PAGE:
>I met with two clients this past week both on the fast track to promotion and opportunity. They have used their talents and skills to navigate these waters of a shifting economy to create more opportunity and actually get ahead. Yeah! I love a great success story and the motivation I feel when I hear such positive news.
Both are looking at positions that involve growing their divisions, reorganizing systems and in a nut shell making some serious change. They have the experience, talent and skills to ensure their ideas will lead to great solutions, however the real measure of success will come in their ability to implement effectively.
Even as I write that it makes me laugh, as it sounds as if effective implementation is something they can control. It is something they can heavily influence and manage, but not something they can control. That lesson – understanding and embracing it – is the difference between a leader who can effectively lead a team through change and one who cannot.
All the brilliant solutions, all the amazing new systems and processes, won’t matter a bit if the team that needs to implement is not fully engaged, on board, and ready to make things happen.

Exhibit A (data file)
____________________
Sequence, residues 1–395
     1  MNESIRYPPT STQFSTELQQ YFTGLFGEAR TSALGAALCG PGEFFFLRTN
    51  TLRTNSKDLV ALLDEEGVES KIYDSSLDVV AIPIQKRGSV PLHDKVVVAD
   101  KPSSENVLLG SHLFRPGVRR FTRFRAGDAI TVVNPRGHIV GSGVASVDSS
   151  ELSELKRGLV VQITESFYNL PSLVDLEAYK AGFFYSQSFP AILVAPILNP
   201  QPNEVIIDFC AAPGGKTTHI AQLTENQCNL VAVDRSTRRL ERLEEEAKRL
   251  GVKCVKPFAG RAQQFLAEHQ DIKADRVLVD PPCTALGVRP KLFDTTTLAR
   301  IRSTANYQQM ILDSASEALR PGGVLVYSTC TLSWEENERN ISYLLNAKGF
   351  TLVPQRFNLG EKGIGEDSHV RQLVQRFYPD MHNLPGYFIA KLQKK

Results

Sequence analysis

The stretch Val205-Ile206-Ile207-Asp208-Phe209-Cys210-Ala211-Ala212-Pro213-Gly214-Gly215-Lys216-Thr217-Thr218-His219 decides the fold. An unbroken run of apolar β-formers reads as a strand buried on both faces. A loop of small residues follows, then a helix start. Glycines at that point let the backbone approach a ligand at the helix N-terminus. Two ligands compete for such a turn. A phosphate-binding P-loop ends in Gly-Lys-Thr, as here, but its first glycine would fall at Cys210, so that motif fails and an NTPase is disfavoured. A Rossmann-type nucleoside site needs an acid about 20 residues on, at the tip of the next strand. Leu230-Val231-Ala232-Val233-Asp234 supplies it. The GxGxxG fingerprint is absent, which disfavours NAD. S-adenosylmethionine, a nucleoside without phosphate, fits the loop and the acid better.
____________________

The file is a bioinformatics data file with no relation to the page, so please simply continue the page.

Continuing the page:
That is why – the first step any leader takes when navigating the team through change is to focus on the power of the word “why”! To stop and think through every step of the process, every new idea, and answer a few simple questions:
1. Why does this change need to be made?
2. Why would my team want to do this?
3. Why is it beneficial to them as individuals to do this?
4. Why do I need their help and support to make this happen?
Effective change leadership focuses first on the answers to these questions. New strategies, techniques and company direction need to then be communicated and delivered in a manner that first (and continuously) answer these questions.
I fundamentally believe that people want to do a good job, and they want to help their teammates and their company grow. However, we as human beings are hard wired to resist change, and more so change that is “pushed” upon us. Change leads us into the unknown, and there is fear and uncertainty there, making resistance a natural reaction.
As leaders, when we first answer the question why for our employees, we create understanding in our employees and understanding is soothing and calming. Employees relax their natural resistance, and as leaders we are then free to implement the next steps of change.
I have long believed that first answering the question why is the most valuable tool you have for implementing change. Are you required to do this for you team – No! Do you owe them an explanation – No! But, stopping long enough to relax their natural resistance will make your job as a leader so much easier and so much more effective.